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Paint shortage looms

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  • Paint shortage looms

    Hi Guys

    Problems in Zimbabwe.

    Paint shortage looms

    Audrey Chitsika
    8/4/2005 8:05:56 AM (GMT +2)

    ZIMBABWE - on the threshold of a massive housing programme to accommodate victims of its infamous clean-up campaign - might experience a critical shortage of paint soon because of inadequate foreign currency to import raw materials.

    Industry experts say the yawning foreign exchange gap, worsened by the drought as the government had to divert resources to avert starvation, also threatens the survival of manufacturers and distributors of paint.
    They warned that persistent foreign exchange shortages might delay the recovery of the construction sector, which has also been weighed down by relentless increases in prices of building materials such as cement, bricks and sand.
    Unconfirmed estimates suggest that paint production has suffered a 10 percent dip since the beginning of the year as the industry battles to secure imported raw materials. At least 60 percent of the raw materials are imported.
    Mac Mazimbe, a director of Astra Paints, told The Property Gazette this week that it had been difficult for the industry to get sufficient foreign currency allocations from the central bank.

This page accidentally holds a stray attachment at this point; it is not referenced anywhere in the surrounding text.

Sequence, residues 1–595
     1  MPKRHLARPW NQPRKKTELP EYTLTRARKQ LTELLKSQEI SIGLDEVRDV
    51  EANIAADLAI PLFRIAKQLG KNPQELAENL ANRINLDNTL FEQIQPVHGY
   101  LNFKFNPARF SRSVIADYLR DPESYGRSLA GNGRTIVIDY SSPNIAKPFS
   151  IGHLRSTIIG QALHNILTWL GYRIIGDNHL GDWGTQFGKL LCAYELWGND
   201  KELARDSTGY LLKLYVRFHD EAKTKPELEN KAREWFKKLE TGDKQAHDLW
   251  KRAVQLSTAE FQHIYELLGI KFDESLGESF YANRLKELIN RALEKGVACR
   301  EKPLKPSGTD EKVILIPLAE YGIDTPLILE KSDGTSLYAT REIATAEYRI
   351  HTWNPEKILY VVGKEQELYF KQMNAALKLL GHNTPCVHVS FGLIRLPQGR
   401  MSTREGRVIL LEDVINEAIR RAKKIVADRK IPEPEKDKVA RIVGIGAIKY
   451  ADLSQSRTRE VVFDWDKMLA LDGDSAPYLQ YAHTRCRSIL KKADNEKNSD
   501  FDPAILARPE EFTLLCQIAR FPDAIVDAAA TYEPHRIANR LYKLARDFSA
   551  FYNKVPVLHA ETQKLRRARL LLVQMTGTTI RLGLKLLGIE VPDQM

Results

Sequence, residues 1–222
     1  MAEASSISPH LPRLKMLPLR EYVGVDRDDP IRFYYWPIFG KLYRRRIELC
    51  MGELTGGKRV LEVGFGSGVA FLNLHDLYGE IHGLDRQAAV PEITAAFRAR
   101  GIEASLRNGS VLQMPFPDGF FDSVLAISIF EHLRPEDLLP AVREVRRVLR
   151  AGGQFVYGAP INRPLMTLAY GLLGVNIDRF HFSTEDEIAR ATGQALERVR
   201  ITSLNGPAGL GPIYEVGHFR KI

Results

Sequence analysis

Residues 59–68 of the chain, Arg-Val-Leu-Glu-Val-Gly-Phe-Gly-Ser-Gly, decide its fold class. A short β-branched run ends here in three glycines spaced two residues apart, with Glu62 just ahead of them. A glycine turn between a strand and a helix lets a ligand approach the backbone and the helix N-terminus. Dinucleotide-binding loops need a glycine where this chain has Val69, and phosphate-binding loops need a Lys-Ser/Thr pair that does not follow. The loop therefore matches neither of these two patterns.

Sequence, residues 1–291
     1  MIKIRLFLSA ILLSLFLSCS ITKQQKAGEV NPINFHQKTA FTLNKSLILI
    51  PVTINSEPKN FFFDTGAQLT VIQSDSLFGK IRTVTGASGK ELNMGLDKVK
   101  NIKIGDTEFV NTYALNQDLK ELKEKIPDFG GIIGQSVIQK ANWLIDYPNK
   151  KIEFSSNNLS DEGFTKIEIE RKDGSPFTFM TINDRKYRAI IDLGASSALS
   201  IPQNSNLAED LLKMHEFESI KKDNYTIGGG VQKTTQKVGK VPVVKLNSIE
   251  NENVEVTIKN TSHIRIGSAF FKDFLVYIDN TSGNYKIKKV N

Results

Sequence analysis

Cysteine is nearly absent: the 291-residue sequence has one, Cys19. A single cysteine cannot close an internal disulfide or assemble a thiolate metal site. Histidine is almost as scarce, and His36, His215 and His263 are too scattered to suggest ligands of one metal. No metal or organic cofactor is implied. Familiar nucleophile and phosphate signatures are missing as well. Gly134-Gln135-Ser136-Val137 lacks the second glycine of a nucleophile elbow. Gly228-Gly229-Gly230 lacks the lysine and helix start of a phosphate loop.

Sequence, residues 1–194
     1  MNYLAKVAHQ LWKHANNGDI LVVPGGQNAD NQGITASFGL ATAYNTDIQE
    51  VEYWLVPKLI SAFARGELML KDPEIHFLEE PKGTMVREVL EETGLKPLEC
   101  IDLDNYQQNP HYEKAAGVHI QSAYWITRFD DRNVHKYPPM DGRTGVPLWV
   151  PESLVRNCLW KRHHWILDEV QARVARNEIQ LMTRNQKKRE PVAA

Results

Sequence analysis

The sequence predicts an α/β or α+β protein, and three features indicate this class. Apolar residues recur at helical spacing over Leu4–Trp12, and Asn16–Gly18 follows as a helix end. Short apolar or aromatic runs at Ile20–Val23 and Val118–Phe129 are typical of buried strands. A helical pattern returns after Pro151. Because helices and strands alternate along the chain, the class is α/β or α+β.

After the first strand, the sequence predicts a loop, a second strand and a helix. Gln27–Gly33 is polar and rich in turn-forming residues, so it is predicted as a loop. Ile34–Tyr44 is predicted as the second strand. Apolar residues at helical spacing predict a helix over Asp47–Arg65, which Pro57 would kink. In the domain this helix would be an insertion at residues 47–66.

"The foreign currency we are getting from the auction is not enough. The challenge lies in increasing our export performance," he said.
    The country has been experiencing an acute shortage of foreign currency since the International Monetary Fund (IMF) withdrew balance of payments support in the late 1990s. Donors, taking a cue from the fund, have also been giving Zimbabwe a wide berth.
    The shortage of foreign currency has been worsened by poor export performance, which has seen the central bank revising downwards its export earnings forecast.
    Zimbabwe is currently scrounging around for rescue packages from neighbouring South Africa, Namibia and other "friendly" Asian states such as China and Malaysia to pay off arrears to the IMF and escape expulsion from the 184-member financial institution.
    Charles Nandu, the managing director of Alka Paints, said companies were being forced to negotiate extended repayment periods with foreign suppliers of raw materials to give themselves sufficient time to raise the foreign exchange at the auction and keep their production lines running.
    Highlighting the panic gripping the industry, Nandu said: "Some of our executives resigned from the company last year thinking that it was going to face closure due to the shortage of raw materials to manufacture paint."
    Executives from Chroma Paints and Dulux Limited, some of the country's major players, also confirmed the difficulties in the industry, amid fears these may derail recently announced government programmes.
    Faced with an estimated 700 000 people affected by its controversial clean-up campaign, the government has announced a $3 trillion construction programme codenamed Operation Garikai/Hlalani Kuhle to create accommodation for those affected by the nationwide blitz on slums.
    Parallel to the programme, widely seen as an afterthought following international condemnation, the central bank is also rolling out massive housing schemes under its Homelink initiative.
    "There's one way to find out if a man is honest-ask him. If he says 'yes,' you know he is a crook." Groucho Marx